By Stephen K. Hunt, Kevin R. Meyer, John F. Hooker, Cheri J. Simonds, Lance R. Lippert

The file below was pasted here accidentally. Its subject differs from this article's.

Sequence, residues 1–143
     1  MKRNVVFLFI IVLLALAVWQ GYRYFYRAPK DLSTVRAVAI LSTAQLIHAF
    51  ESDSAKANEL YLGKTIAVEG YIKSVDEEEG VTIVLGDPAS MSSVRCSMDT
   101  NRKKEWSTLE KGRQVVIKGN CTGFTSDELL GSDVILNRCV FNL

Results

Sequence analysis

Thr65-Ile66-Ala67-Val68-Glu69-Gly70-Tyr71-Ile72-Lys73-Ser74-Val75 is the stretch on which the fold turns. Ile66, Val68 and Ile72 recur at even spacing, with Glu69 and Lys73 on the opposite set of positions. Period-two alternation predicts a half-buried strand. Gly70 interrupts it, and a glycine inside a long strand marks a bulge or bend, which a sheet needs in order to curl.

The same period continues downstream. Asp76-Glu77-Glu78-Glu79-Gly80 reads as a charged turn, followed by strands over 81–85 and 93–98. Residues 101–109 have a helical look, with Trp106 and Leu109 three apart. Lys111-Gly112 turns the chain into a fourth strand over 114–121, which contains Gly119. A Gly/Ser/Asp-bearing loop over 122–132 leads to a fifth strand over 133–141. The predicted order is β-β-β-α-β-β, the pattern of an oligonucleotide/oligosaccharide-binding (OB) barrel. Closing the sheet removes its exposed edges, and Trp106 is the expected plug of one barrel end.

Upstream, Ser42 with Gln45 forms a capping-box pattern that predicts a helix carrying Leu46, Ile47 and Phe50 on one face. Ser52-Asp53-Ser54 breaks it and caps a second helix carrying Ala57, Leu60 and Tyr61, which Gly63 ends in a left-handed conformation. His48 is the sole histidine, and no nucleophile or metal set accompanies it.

A repeated measures design was employed to assess the effects of participation in the Political Engagement Project (PEP) on measures of students’ political knowledge, efficacy, general interpersonal skills, skills of influence and action, political behavior, concern for political issues, and political ideology. Results demonstrate that students in PEP sections of an introductory communication course show significantly larger pre- to posttest gains on virtually all of the measures. Specifically, mean scores indicated that both experimental groups (PEP without video and PEP with video) reported significantly greater increases, compared to the control group, in political knowledge, efficacy, general interpersonal skills, skills of influence and action, and political behavior. However, the control group produced significantly greater increases on the concern for political issues measure as compared to the PEP with video experimental group, while showing no significant differences to the PEP without video experimental group. Finally, there were no differences over time for any of the groups on a measure of political ideology.